Well, my children are small (4 and 5) so it seems natural that I would spend time with them. Also, they are boys, so that comes naturally, too. However, when I look back, my father spend ALMOST NO time with me. So if these increases are from 0% of time spent to 10 or 15% of time spent, then that's OK. Another reason: I want to make sure I help my boys become strong and happy people and most of the times first hand explanation and direct example are the best way to go. Also: I know I am preparing for the onslaught of attention seeking distractions thay will face in a little while: if I don't build strong relationship with them now - they're gone! Finally, I must have heard this a million times in the last 20 years: Children want your time - not your money!

brazzy

@Mattk: Your suggestion does not even attempt to explain why the amount of time spend with kids has *changed* in the last 15-20 years

Brad

Spending time with my kids has always been a top priority (although I haven't been a parent for very long), despite the increasing wages I get from work. I try to expose my son to the diverse things that adults do: chores, play, repairing the house, spending time with other adults. We get plenty of one-on-one time, but he gets at least as much value from watching me do my thing as he does doing things with me.

jmm

Of course the answer to the question 'Why do we spend more time with our kids?' is multi-faceted. If the answer is limited to this -- To set them up for the competitive, dog-eat-dog, limited-resources, more-kids-to-fewer-Ivy-League-spots, problematic world (we adults helped?) set up for them -- then we are setting ourselves up for a ginormous (a word the kids use that I've come to like) let down. Anything can happen to a child after s/he heads out the door. Anything.

We spend a huge! amount of time with our sons (we both work full-time, with advanced degrees). Whether it's coaching, team-managing, in-class at school, hosting their buddies at our house ('play dates'), taking the boys on vacation-type trips, taking them biking or hiking, commuting to-and-from organized activities (whether we stay to watch), and more-recently, both of us working more 'from home' ... we are actively involved with the day-to-day lives of our sons. It just worked out that way. We've no close family around to help.

This was *not* the way it was for either of us while growing up. So, maybe we see this as an opportunity? It is -- in no way -- 'easy' to be together a lot with one's offspring. But, we had them -- it's our responsibility -- to raise them. We could have had more children, but as anyone who is around youngsters knows all-too-well, each one takes a boatload of time. The math is simple: Two (of us) parents to 'however many' kids are living with the two parents. Here's the fire-starter (for many of you gentle readers): It is simply irresponsible to have several children unless you have several adults around the house to do the 'man-to-man' -- or at least a reasonable zone -- defense.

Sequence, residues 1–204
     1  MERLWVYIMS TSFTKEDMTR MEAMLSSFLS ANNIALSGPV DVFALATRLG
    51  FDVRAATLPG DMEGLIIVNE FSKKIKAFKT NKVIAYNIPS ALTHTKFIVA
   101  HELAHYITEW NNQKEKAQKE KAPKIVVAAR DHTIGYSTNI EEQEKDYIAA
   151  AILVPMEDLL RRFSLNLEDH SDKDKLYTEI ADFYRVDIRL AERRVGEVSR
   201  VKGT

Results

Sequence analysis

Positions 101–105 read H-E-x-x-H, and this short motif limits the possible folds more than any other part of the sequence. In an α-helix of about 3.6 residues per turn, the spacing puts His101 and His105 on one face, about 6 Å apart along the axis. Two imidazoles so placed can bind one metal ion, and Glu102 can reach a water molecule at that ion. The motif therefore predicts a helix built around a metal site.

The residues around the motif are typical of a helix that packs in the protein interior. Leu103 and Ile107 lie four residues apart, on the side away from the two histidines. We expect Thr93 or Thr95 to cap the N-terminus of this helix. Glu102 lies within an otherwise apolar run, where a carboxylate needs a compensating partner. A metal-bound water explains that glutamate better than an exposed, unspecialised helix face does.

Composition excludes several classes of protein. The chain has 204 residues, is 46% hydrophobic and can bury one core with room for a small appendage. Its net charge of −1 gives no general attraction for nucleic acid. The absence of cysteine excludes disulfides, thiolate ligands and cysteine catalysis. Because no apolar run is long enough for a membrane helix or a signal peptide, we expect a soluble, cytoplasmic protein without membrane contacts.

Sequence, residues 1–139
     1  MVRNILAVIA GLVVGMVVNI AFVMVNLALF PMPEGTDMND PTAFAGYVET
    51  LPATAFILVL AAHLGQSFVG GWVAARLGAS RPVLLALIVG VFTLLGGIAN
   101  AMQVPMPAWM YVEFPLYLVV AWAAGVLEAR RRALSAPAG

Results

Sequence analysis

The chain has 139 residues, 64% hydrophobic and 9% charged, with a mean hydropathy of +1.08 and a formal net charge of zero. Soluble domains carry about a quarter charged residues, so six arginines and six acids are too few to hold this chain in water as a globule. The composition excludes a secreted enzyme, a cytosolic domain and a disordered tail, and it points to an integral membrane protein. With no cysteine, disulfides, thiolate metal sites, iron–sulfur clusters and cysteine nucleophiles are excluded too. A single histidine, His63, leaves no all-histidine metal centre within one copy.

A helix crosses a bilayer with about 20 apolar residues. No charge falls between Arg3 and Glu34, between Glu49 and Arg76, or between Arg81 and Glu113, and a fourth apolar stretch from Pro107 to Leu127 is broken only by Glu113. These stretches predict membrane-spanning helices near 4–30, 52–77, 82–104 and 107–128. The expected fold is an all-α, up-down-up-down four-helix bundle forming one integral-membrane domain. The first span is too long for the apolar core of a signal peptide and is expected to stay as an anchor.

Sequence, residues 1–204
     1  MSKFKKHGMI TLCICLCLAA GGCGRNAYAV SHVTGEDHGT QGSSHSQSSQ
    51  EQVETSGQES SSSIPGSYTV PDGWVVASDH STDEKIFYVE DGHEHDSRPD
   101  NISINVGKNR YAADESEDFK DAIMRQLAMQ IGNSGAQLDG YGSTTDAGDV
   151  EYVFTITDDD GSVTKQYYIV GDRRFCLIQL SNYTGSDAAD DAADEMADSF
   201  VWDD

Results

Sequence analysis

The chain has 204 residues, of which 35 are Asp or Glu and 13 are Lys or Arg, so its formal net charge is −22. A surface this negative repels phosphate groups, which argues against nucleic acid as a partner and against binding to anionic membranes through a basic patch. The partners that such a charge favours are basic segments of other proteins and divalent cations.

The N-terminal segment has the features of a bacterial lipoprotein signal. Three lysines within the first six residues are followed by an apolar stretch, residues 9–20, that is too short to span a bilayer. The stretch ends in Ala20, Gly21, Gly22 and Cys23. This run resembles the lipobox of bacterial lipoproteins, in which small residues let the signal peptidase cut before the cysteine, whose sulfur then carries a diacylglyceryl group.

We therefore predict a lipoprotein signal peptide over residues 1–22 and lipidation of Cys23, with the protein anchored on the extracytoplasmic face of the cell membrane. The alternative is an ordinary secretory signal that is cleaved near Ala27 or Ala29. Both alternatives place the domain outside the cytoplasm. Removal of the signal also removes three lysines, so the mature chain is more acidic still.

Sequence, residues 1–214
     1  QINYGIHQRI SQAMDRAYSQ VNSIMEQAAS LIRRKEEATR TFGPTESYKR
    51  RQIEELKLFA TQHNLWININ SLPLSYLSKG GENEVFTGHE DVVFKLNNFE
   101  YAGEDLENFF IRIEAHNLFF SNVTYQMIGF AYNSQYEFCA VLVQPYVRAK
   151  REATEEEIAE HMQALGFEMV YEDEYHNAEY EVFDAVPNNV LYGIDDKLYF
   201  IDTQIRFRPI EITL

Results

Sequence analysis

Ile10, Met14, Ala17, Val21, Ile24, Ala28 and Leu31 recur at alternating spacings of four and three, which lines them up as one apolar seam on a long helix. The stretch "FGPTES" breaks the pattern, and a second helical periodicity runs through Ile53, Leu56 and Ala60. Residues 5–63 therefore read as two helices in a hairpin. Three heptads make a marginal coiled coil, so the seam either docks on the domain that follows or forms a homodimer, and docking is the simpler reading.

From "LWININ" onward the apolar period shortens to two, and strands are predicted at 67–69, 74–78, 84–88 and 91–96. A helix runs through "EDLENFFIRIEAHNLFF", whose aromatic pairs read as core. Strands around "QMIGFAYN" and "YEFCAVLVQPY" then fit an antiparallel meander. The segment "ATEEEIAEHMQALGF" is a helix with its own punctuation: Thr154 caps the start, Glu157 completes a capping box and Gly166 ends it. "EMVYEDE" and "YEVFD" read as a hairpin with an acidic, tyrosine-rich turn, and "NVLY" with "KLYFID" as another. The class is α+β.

I once commented to a friend that "we effectively have no social life." The reply was quick: "You are wrong; it is just that your kids are a central part of your social life." Turns out, my friend was right. After all, it's a short time they're around home with us, right?

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Jorgen

Matt k, amen to that!

It's a rational decision in that parents are realizing the opportunity cost of not spending time with your kids far outweigh whatever financial gains you may achieve by working 80-100 hour weeks.

This is especially true in the current environment; I'd be surprised if this trend does not continue.

Andrew

"I wish these parents would knock it off. "

Lisa, what's wrong with spending time with your kids? Should we assume every parent who spends an atypically large amount of time with their kids is coddling them, as you say? Sounds like you're jumping to conclusions to me. Furthermore, no degree of experience you may have had dealing with American students can justify your prejudices. There are plenty of hard-working, self-sufficient American students, just as there are spoiled or coddled ones.

In short: please give people the benefit of the doubt before casting stereotypes into the wind.

nate

N=2...